As you may have gathered from the birthday example, most of the entries treat the characters (like Bond) as if they were real people, focusing on what Cork and Stutz, in their introduction, call "the world inside the Bond adventures." So the information you find under the entry "Anya Amasova," for example, will be that she "arrives in Moscow after a period of leave with her KGB agent lover..." and not that she was dreamed up by Christopher Wood in the second draft of his screenplay for The Spy Who Loved Me or something. (I’m making up that bit about the second draft, by the way, but I would be interested in knowing the truth.) So, personally, I would have preferred a book that gave production information about all the characters, and treated them as fictional creations rather than real people. But that sort of take has been done many times before (including in Stephen Jay Rubin’s Complete James Bond Movie Encyclopedia), so perhaps a fresh approach is a good thing.
Confusingly, though, the authors don’t fully embrace even that approach. They sometimes break the "fourth wall" to reveal a behind-the-scenes tidbit, or continuity reboot, and there are also entries on the filmmakers, in their own sidebars. The authors could have had more fun with the conceit, as Andrew Pixley did with his The Avengers Files, a similar alphabetical listing which treated all the characters as if they were real people, but gave extensive information on their creators as "chroniclers" in elaborate footnotes (which also listed the sources for all information provided).
I’ve spent a lot of time detailing shortcomings that amount to personal preference and nitpicking. Of course, when there have been as many books on the subject of the Bond films as there have, that’s really the kind of stuff a reviewer has to tackle! But for someone who hasn’t read loads of other volumes on the topic, James Bond Encyclopedia is a great place to start. It fills a void in the current market as an "introductory" book on Bond movies. If you’re not prepared to delve into as much gloriously obsessive detail as offered in James Bond: The Legacy, but still want broader coverage than found in the more specific Bond Girls Are Forever or The Art of James Bond, then this is the ideal place to start. Furthermore, the same goes for its pictures. It may not offer a lot that dedicated readers haven’t seen before, but it does offer a truly amazing assortment of handsome, color images in one place, as lavishly illustrated as any DK book. The layout, typical of the publisher, is truly beautiful, and helps suck the reader into the page. This aspect is certainly an improvement over Rubin’s volume, which provided only black and white stills.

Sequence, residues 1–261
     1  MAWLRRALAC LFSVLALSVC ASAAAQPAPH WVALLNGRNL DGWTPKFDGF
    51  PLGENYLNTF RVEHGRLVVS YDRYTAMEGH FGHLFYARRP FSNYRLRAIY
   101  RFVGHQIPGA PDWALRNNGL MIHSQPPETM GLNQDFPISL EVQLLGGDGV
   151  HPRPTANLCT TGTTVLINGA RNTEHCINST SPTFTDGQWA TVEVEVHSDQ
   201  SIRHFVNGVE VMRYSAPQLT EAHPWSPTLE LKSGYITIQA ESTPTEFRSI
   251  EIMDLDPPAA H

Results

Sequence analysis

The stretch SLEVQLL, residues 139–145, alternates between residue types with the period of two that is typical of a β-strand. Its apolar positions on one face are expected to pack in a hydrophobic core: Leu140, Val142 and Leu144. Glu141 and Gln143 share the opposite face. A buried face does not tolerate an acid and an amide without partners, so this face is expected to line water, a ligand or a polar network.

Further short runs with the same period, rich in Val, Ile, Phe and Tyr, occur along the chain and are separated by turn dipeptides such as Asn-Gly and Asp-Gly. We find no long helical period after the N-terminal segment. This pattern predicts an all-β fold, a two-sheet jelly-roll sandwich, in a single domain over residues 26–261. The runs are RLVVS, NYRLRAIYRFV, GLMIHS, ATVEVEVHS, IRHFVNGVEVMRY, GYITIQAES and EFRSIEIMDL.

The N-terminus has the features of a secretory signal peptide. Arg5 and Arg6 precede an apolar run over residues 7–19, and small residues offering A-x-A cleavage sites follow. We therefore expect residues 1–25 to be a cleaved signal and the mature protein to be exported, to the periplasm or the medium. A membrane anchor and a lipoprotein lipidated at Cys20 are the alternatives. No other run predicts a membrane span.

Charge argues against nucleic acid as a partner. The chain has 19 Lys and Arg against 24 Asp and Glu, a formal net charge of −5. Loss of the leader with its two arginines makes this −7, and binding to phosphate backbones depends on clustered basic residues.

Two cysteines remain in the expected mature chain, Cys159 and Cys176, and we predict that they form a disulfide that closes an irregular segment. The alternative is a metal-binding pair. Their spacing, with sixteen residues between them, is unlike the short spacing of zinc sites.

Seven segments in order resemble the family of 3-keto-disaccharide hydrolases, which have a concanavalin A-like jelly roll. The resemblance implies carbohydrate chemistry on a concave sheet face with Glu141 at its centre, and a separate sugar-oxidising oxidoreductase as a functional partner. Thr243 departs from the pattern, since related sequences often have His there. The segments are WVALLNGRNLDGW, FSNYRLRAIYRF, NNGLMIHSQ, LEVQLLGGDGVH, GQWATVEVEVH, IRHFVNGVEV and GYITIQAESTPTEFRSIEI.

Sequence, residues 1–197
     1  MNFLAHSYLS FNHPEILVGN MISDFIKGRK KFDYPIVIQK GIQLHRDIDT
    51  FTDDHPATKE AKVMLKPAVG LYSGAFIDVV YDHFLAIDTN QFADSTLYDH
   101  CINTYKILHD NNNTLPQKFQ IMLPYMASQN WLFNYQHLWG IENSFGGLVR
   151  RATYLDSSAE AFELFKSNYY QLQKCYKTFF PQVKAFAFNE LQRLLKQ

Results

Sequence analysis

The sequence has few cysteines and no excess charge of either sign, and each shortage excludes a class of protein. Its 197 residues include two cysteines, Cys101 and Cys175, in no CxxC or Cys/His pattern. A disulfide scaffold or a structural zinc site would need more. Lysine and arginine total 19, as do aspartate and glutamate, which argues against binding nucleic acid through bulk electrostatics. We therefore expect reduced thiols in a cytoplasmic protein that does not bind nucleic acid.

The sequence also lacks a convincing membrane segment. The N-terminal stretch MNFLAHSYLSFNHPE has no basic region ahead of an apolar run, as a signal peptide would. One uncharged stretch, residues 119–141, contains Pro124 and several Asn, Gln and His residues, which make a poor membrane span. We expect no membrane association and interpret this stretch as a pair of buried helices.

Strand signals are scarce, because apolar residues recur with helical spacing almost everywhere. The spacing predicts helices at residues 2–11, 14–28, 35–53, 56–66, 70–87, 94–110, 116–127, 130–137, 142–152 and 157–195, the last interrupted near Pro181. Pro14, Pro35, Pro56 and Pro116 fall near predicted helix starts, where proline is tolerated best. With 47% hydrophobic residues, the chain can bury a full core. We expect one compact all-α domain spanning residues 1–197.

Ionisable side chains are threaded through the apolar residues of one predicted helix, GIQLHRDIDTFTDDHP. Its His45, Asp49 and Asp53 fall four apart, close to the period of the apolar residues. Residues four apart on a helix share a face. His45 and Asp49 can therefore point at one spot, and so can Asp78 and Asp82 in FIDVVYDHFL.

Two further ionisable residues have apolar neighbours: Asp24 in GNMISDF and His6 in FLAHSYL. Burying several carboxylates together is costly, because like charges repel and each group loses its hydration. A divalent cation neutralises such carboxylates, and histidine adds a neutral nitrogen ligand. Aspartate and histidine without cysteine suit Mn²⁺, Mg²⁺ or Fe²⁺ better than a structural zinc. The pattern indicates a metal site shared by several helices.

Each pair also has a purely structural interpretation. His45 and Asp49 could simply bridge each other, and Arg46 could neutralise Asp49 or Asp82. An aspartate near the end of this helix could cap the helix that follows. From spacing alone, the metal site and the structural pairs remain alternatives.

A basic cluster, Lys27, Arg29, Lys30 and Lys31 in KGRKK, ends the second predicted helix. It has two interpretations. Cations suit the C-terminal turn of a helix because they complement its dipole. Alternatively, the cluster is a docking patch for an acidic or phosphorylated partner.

Even if their choices on how to arrange the book are questionable, Cork and Stutz have been successful in differentiating their book from Rubin’s, which is definitely a good thing. Precisely because it’s arranged differently, reading it is an entirely different experience. The authors are completely successful at the goal they set for themselves in their introduction: "We have tried to have fun with this book and make it somewhat like James Bond’s world. The enjoyment is not in the logic, but in the discovery, the visual sweep, and the intricate details." It’s similar to reading the source books for the 80s James Bond roleplaying game. You can flip through pages and pages of weapons, then browse the fictional biographies of Bond Girls. You don’t read it cover-to-cover, as you might The Legacy, and you don’t necessarily flip to a specific entry as you would with Rubin’s Complete James Bond Movie Encyclopedia. A different reading experience is definitely enough for me to recommend this book to Bond completists as well as neophytes, especially when it’s so beautifully produced.